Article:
WASHINGTON (Reuters) — The cost of health-care services in the United States is expected to rise 7.5 per cent in 2013, more than three times the projected rates for inflation and economic growth, according to an industry research report.
But premiums for large employer-sponsored health plans could increase by only 5.5 per cent as a result of company wellness programs and a growing trend toward plans that impose higher insurance costs on workers, said the report by PwC.
The projected growth rate of 7.5 per cent for overall health-care costs contrasts with expectations for growth of 2.4 per cent in gross domestic product and a two per cent rise in consumer prices during 2013, according to the latest Reuters economic survey.
Health-care costs have long been known to outstrip economic growth and inflation rates, driving up government spending on programs such as Medicare and Medicaid at a time when federal policy-makers and lawmakers are wrangling over how to trim the budget deficit of US$1 trillion per year.
But PwC's Health Research Institute, which based its research on input from health plan actuaries, industry leaders, analyst reports and employer surveys, said data for the past three years suggest an extended slowdown in health-care inflation from earlier decades when annual costs rose by double-digits.
"We're in the early beginnings of a shift toward consumerism in health care. And we think that you'll see more of that in the coming months and years," said Ceci Connolly, the health institute's managing director.
More than one-half of the 1,400 employers surveyed by the firm are considering increasing their employees' share of health benefit costs and expanding health and wellness programs in 2013, according to the report.
Connolly said health plans with higher deductibles and co-pays for workers tend to dissuade unnecessary purchases and offer lower premium costs for employers, while successful wellness programs can reduce the need for medical services.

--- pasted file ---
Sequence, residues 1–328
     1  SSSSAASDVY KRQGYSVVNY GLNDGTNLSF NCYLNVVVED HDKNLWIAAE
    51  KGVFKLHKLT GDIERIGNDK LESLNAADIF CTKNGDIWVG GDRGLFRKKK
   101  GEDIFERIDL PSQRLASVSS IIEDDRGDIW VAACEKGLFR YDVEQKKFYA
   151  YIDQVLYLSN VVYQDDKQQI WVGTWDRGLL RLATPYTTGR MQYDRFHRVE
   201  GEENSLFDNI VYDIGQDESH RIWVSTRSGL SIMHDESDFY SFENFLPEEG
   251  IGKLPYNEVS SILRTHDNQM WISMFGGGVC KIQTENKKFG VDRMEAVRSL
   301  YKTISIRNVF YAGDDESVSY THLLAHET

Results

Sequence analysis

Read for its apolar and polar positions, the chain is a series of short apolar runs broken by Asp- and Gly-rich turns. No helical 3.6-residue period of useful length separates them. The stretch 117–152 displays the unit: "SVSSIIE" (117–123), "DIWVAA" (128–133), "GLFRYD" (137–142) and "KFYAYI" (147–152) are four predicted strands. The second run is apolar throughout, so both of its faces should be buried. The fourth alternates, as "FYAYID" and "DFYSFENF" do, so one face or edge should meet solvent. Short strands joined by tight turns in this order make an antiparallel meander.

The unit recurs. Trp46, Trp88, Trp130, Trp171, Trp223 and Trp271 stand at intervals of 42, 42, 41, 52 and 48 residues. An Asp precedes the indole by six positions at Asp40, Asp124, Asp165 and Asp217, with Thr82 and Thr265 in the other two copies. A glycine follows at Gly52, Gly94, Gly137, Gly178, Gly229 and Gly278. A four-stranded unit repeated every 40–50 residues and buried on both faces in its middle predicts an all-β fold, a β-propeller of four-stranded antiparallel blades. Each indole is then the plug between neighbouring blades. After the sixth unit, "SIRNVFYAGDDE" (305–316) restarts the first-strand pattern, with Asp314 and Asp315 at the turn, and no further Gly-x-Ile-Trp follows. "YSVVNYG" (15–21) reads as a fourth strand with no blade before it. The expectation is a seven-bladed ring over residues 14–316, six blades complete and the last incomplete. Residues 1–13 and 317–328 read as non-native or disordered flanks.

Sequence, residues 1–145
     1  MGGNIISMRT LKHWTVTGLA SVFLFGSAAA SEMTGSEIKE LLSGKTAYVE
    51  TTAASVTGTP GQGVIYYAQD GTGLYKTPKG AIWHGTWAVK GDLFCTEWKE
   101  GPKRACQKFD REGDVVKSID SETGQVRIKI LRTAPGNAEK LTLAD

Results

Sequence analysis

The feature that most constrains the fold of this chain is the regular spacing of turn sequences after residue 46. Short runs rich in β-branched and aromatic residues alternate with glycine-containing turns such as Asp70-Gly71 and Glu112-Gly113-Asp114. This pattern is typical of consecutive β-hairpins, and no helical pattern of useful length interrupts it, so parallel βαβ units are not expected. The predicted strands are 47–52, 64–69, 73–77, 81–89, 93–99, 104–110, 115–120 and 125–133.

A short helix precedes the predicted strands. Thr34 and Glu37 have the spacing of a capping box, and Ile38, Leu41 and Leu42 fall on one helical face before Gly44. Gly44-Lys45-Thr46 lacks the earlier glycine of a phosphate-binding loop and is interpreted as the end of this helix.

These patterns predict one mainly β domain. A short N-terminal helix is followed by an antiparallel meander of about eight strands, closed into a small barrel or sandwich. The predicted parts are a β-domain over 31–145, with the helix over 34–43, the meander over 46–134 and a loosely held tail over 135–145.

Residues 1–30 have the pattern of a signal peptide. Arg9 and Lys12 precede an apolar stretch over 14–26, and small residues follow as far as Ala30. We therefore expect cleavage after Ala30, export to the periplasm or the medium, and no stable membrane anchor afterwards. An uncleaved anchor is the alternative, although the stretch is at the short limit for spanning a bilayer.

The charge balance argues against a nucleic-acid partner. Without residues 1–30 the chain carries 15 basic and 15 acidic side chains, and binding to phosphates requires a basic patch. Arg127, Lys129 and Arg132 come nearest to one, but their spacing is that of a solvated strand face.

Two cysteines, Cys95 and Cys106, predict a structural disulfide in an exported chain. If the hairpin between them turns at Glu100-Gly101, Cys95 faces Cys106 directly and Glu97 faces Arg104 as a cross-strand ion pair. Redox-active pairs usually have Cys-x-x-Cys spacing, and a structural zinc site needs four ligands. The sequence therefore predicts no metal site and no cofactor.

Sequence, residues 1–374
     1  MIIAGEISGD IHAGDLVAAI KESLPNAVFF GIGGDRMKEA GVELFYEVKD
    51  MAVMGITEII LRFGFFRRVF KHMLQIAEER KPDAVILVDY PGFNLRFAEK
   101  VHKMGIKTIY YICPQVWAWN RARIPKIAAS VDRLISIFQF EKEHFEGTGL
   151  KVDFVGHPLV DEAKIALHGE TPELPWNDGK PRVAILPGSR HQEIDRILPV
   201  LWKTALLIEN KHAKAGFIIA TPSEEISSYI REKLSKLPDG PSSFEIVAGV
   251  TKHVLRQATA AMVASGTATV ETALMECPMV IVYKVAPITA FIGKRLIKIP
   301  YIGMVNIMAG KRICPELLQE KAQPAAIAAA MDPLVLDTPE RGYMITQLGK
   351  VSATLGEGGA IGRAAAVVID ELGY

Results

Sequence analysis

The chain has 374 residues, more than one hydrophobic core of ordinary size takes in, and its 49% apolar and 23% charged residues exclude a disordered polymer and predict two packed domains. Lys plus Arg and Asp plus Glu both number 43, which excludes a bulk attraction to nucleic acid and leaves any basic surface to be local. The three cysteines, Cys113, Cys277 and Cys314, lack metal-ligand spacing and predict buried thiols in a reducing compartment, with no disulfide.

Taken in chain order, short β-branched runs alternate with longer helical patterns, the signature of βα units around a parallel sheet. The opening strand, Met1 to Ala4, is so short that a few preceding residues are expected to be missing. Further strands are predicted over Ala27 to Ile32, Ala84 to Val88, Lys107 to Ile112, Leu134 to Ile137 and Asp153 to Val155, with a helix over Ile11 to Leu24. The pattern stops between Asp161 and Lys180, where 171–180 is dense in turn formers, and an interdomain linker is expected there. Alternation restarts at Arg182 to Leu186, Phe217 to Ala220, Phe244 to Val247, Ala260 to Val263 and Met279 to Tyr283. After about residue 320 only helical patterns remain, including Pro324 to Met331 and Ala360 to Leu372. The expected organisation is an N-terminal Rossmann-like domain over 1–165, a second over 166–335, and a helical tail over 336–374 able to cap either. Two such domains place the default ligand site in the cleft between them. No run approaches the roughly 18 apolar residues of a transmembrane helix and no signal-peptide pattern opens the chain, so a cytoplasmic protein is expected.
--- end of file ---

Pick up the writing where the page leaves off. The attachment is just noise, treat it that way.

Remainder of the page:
The report said prospects for higher growth are also being held back by the consolidation of hospitals and physician practices, insurance industry pressure on hospital expenses, a growing variety of primary care options such as workplace and retail health clinics, price transparency and the increasing use of generic drugs.
Upward pressure on health-care costs comes in part from a rebounding economy and the growth of new medical technologies, including robotic surgery and the nuclear medicine imaging technique known as positron emission tomography.
PwC's projection of 7.5 per cent growth is nearly double a 3.9 per cent rise in health-care spending that the federal government says occurred in 2010, the last year for which official figures are available.
The government survey includes Medicare and Medicaid spending, as well as over-the-counter pharmacy purchases, while PwC's report focuses on the private insurance sector of the US$2.6 trillion health-care system.
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